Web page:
Extinction Rebellion Logo
The open-sourced logo has been stenciled, embroidered, printed, and painted, among other forms
Goldfrog ESP, a London street artist, aka “Symbol Man,” takes credit for the original symbol
Working against Human Extinction
The climate crisis is killing off species. One after one, types of insects, birds, and mammals disappear. The IUCN Red List lists 35,765 species across all taxonomic groups as threatened with extinction in 2020. And this is an underestimate, as most species haven’t been evaluated. A 2019 UN Report states, “Nature’s dangerous decline ‘unprecedented’; species extinction rates ‘accelerating’.” Extinction Rebellion (abbreviated as XR) works against human extinction coming next.
The international group uses direct action and civil disobedience to persuade political parties to take appropriate actions against the climate crisis. It describes itself as non-violent, non-partisan, and decentralized. After one hundred academics signed a call to action in the United Kingdom in 2018, the group began planning direct actions in London. Its first action was the occupation of the London Greenpeace offices, followed quickly by the launch of the “Declaration of Rebellion” outside of the UK Parliament. This year, 2021, the group blockaded Amazon distribution centers across the UK to protest its treatment of its employees and the environment. These and other actions of the XR take inspiration from Occupy, the suffragettes, and the civil rights movement.
Climate protests in Wellington, NZ, via @ExtinctionNZ
XR Logo Personifies the Urgency of the Climate Crisis
XR’s logo represents extinction. The circle represents the Earth, and the hourglass inside warns that time is running out for many species. The simplicity makes the logo easy to identify and reuse. Much like the 1958 nuclear disarmament sign made by Gerald Holtom—commonly known as the “peace sign”—XR’s logo comprises a series of straight lines defined with a consistent weight enclosed in a circle. The group asks people to use it to spread the message as widely as possible. It makes several digital versions available, along with a stencil template for free use. One website has documented a wide range of logo variations seen across the internet. The group also makes sure people know that it is anti-consumerist, and states that any sort of merchandise that has the organization’s logo on it is not affiliated or supported.
According to Grist, a London street artist called Goldfrog ESP created the symbol in 2011. The artist told Ecohustler that he developed it after growing weary of making protest art about the decline of specific species. He wanted to give the environmental movement a sign of its own. In other reports, he goes by the title “Symbol Man.”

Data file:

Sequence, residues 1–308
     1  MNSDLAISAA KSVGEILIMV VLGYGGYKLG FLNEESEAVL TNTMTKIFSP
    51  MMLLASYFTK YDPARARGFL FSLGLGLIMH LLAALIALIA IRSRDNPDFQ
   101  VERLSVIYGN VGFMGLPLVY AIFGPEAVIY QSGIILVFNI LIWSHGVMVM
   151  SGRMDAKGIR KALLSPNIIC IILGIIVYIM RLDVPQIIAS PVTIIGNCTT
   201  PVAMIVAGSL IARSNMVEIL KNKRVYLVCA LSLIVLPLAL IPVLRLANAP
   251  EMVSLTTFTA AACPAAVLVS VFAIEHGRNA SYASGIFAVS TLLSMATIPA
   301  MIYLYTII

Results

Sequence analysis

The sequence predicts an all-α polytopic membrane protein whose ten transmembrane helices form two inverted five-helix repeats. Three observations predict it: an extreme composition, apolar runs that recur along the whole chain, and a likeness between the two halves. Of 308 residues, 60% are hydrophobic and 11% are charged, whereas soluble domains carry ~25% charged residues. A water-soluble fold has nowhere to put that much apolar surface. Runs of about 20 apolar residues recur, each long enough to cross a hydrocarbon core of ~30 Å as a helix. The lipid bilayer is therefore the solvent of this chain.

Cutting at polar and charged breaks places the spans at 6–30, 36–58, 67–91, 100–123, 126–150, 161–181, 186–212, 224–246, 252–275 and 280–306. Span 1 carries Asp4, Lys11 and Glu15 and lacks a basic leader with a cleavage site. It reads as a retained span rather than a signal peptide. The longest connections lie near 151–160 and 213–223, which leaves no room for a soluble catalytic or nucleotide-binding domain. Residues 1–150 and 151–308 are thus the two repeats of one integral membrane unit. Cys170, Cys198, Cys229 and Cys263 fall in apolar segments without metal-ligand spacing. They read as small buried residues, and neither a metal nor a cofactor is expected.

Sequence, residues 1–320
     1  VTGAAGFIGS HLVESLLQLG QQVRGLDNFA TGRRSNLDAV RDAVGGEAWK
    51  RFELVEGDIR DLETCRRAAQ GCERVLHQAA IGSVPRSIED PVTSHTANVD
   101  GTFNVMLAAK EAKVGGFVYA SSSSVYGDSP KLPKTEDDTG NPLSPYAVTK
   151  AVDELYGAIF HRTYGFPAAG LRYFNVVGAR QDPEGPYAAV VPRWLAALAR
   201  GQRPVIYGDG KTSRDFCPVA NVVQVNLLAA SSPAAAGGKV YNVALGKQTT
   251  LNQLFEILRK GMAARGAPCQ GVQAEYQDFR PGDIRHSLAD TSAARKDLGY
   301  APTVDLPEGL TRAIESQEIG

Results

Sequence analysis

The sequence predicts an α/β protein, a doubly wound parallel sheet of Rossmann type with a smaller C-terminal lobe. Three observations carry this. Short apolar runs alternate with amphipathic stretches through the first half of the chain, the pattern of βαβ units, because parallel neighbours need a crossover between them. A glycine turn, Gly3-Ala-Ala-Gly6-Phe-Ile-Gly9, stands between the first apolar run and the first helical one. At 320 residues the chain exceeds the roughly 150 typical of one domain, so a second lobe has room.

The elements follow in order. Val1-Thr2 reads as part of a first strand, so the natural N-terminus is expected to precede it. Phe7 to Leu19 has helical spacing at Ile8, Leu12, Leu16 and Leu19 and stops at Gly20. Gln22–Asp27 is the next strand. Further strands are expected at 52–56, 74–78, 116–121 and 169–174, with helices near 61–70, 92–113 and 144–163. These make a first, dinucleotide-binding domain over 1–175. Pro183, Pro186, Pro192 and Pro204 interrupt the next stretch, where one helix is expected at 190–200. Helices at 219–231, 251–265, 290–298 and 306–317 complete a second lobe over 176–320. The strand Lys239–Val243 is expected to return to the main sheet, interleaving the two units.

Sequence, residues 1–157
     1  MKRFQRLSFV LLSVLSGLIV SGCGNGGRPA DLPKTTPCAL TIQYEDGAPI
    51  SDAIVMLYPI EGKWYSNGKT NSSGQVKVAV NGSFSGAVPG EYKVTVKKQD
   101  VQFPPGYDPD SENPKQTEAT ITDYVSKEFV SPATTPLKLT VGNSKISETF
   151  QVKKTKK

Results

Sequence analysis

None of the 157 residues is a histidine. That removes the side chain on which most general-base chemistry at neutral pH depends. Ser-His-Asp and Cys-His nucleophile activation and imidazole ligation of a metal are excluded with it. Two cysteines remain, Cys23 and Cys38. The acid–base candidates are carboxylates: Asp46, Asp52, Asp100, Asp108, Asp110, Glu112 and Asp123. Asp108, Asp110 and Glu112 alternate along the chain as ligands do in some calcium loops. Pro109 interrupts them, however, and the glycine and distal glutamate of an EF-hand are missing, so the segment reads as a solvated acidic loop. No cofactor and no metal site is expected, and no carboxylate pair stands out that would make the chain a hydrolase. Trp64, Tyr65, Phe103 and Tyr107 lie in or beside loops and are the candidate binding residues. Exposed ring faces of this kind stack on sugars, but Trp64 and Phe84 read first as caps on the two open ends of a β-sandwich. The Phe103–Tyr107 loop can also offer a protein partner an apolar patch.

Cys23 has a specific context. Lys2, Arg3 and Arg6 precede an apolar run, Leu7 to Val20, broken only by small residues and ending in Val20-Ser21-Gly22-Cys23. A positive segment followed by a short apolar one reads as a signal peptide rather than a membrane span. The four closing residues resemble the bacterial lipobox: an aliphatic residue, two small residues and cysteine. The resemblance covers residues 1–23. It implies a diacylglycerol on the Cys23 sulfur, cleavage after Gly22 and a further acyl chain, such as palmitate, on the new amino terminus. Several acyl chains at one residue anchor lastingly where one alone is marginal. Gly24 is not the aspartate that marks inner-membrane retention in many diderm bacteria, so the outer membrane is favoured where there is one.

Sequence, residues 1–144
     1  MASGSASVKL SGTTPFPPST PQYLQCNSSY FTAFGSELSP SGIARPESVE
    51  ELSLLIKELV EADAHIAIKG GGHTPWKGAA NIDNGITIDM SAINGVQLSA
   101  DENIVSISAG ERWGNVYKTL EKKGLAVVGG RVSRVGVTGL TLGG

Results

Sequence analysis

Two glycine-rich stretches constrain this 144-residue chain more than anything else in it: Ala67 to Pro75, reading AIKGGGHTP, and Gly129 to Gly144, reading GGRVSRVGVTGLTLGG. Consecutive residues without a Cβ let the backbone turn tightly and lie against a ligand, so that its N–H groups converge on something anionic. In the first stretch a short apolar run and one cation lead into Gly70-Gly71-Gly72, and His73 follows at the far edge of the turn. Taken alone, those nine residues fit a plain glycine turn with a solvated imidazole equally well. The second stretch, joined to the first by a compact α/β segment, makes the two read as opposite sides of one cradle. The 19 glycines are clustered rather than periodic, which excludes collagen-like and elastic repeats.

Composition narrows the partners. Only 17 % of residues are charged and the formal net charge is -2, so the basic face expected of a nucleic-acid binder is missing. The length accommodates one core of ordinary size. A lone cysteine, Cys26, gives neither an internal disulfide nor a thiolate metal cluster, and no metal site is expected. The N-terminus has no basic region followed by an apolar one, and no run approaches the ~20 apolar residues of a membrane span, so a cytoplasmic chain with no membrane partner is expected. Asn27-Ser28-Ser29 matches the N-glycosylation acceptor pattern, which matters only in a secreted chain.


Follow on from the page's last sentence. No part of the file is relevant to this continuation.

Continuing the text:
Public reception of XR and its logo have been mixed. Some consider its tactics to be based in the desire to arouse fear for the Earth’s impending doom. Critics suggest that the negativity of the symbol and its simplicity give it power. Patrick Fagan writes in The Critic an extended description of the symbol within his critique of the group, which he concludes by offering readers the suggestion of laughing at XR and its logo rather than taking it seriously. He writes, “The hourglass is primarily a symbol of the passage of time: that is, death. The hourglass – along with the scythe, another favorite symbol of the Left – were brandished by Cronus, god of time.” This continues for quite a few paragraphs. While baroque, the diatribe recognizes the communicative and emotional power of the symbol, which sticks with those who encounter it.
Such an evaluation echos the language XR uses to discuss the climate crisis. The website states, “Life on Earth is in crisis. Our climate is changing faster than scientists predicted and the stakes are high. Biodiversity loss. Crop failure. Social and ecological collapse. Mass extinction. We are running out of time, and our governments have failed to act. Extinction Rebellion was formed to fix this. We have a moral duty to take action — whatever our politics.”
XR’s direct strategy of engagement has also caused controversy. Newspapers report the group has damaged public and private property and cost police departments millions of pounds while attracting the attention of millions of people. Some have agreed with XR that its tactics are necessary and appropriate to the current situation. Others disagree with its direct strategy and language of fear and express concern that the group alienates potential supporters.
Extinction symbol in George Square, Glasgow, via @extinctsymbol
The XR Logo and M21D
We’ve brought the XR logo into our study collection to investigate how effectively the symbol works against the climate crisis. Its pervasiveness in some cities and communicativeness have caught our interest.